The Age of Micro-Influencers

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The Age of Micro-Influencers

Oct 27, 2023

As you walk around Pepperdine’s Mullen Square, you will likely encounter some really hot people. No, I’m not kidding. Pepperdine, a place with sunshine about 360 out of the year, mesmerizing, sparkling ocean views, and secluded, but easy access to Los Angeles, brings in a special crowd of individuals. In each graduating class, there are a few influencers and models sprinkled throughout the seats, among the children of billionaires and actors… and regular students as well. A recent growth of micro-influencers has also touched campus, changing the culture of this tiny place on a hill, as well as all social media sites and cities, creating a shift in how brands reach their audience.

Micro-influencers, defined as anyone between 10,000 - 50,000 followers (though some websites write 10,000 – 100,000), have taken the social media world by storm (Forbes, 2021). In the era of oversharing, it is now easier than ever to grow a follower base or go viral and reap the benefits of being an influencer. During COVID-19, there was an unusual rise in the informality of social media, with people sharing anything and everything, such as TMI about their relationships, their favorite soda brand, finance guidance, political drama; the list goes on. The ease of many social media accounts is evidently appealing to brands of all types, due to the ability to reach many niche audiences, while doing so at a lower cost. To some, a larger influencer may do more obvious influencing/advertising, whereas micro-influencers come off as casual or authentic, which makes it easier for brands to change public opinion without spending thousands of dollars on one figure. Micro-influencers may have a smaller follower account, but on apps like TikTok, they’re able to have high engagement due to the algorithms on modern apps. According to Forbes, “micro-influencers boast up to a 60% increased engagement rate compared to macro-influencers”, meaning they have no issue with producing personal value for brands.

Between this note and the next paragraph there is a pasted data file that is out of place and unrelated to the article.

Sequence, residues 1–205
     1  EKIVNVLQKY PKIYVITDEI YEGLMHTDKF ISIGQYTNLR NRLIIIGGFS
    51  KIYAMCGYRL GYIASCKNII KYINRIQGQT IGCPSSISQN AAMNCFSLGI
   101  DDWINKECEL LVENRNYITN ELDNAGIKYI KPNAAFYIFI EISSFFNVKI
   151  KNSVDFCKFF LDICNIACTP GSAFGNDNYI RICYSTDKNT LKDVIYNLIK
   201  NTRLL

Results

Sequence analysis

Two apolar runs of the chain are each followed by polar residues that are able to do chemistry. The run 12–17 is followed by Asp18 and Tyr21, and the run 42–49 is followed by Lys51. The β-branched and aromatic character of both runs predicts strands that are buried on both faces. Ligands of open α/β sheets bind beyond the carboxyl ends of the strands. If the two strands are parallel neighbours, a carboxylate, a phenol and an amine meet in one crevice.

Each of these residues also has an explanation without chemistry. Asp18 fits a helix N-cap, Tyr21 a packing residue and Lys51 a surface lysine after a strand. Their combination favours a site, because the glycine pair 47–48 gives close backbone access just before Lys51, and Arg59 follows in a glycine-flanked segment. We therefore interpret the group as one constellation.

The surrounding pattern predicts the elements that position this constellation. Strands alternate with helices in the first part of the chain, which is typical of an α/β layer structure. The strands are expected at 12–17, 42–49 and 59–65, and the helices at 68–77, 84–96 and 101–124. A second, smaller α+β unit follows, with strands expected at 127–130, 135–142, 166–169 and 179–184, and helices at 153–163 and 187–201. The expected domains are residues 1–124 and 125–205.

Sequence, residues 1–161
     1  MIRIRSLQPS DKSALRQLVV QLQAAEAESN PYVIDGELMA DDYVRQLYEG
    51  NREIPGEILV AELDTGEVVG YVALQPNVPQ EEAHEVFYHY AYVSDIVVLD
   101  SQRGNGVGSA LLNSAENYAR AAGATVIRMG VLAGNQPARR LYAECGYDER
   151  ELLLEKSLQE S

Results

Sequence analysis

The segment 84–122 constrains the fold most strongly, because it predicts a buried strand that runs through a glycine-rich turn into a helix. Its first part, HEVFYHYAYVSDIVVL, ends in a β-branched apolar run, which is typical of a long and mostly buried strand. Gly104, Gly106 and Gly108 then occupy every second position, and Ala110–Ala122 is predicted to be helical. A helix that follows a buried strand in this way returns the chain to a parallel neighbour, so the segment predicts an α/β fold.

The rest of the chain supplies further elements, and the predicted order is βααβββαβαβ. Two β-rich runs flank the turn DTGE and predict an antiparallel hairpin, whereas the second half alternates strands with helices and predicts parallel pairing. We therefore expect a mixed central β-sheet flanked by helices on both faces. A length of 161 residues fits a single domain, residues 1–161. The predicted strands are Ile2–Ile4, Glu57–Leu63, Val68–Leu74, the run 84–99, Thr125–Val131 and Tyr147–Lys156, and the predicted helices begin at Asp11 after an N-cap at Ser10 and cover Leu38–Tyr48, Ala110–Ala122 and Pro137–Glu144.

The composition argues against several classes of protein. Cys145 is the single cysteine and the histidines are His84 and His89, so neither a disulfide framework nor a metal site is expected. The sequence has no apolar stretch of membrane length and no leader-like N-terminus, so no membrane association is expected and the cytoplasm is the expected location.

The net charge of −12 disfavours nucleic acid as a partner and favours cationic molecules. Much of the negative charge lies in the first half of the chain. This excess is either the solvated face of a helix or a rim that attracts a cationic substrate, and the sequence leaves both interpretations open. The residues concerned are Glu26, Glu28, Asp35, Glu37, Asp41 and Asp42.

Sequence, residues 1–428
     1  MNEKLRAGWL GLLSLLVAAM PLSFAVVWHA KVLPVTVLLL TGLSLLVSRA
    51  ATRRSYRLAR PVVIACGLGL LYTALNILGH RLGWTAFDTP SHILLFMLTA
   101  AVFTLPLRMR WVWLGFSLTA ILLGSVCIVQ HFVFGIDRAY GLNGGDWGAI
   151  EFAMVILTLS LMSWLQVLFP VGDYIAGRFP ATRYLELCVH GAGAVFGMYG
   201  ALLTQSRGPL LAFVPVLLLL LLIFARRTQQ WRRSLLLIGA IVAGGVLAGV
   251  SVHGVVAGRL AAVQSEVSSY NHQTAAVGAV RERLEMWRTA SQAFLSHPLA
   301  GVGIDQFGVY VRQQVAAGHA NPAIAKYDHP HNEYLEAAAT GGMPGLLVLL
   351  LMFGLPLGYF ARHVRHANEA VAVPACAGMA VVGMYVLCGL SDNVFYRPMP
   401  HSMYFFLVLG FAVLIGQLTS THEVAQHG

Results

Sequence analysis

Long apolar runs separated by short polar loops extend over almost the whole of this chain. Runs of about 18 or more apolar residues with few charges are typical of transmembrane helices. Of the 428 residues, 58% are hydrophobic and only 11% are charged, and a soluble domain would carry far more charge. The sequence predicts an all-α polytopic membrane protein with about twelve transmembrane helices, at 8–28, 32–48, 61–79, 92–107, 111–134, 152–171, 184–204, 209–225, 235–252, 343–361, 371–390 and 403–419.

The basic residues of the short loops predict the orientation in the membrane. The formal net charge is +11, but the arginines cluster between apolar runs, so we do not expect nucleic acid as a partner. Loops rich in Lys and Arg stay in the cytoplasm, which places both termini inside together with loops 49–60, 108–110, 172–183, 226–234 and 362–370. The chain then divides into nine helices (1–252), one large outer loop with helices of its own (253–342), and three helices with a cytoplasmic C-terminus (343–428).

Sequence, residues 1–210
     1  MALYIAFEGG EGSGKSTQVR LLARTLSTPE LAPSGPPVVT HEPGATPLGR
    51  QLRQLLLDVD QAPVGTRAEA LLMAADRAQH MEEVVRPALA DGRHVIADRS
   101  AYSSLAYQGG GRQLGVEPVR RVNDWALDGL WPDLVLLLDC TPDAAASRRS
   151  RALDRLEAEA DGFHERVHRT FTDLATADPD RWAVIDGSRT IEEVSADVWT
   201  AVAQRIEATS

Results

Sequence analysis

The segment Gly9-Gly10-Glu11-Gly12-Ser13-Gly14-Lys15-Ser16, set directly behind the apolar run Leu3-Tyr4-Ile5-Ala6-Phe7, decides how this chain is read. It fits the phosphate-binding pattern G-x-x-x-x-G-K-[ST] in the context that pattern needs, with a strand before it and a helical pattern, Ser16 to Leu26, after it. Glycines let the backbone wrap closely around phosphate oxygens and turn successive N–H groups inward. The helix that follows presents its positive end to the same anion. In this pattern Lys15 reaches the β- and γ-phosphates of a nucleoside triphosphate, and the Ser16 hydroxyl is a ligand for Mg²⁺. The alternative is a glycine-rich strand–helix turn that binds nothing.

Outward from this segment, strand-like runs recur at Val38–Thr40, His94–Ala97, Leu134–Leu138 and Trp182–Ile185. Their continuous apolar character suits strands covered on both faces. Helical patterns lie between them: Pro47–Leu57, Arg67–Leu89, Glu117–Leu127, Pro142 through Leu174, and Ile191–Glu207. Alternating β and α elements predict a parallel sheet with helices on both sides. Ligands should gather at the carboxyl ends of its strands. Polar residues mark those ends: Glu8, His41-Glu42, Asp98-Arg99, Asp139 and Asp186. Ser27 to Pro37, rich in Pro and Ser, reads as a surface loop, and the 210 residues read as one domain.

While micro-influencers are beneficial to brands for a variety of reasons, they also present as a risk to many brands (and their personal platforms), due to guidelines regarding endorsements and brand partnerships. It is perfectly legal to post on TikTok saying they like a certain lip gloss, but as soon as an individual is paid or reimbursed by a brand, they must disclose that clearly on their post. In addition, influencers are not allowed to falsely endorse a brand, which means they are not allowed to state that a product is great if they’ve never used it (Council for Creators, 2022). Although the regulations are usually followed by macro influencers, attributed to the fear of being caught by the FTC (Federal Trade Commission), the issue becomes murkier with micro-influencers. There is a chance that some micro-influencers are not aware of the rules, or they don’t believe they’ll get caught. The FTC usually issues warnings to brands and influencers who fail to follow the rules but will take further legal action if the situation warrants (Council for Creators, 2022). In addition, there are tricky regulations regarding copywrite infringement, so influencers and brands must be careful of pairing certain music, photos, movies etc. with their paid brand partnerships. Lastly, there are usually brand – influencer contracts that are formed to ensure compliancy between parties.

The list of legal issues continues and changes as more apps are introduced and as social media continually evolves, but the basic regulations stay consistent. The inconsistent nature of social media (societal expectations and legal troubles) doesn’t deter influencers from staking their claim to fame. Brands and micro-influencers seem to be closer than ever, expanding upon the potential that either of them presents.

Works Chited

Ehlers, Kelly. “Council Post: Micro-Influencers: When Smaller Is Better.” Forbes, Forbes Magazine, 9 Nov. 2022,

“Top Social Media Influencer Legal Issues.” Counsel for Creators LLP, 21 Nov. 2022,

Caroline Peterson, a student in Jon Pfeiffer’s media law class at Pepperdine University, wrote the above essay in response to the following question: ""The Age of Micro-Influencers": Examine the rise of micro-influencers, their appeal to brands, and the legal considerations for these collaborations." Caroline is an Integrated Marketing Communication major.

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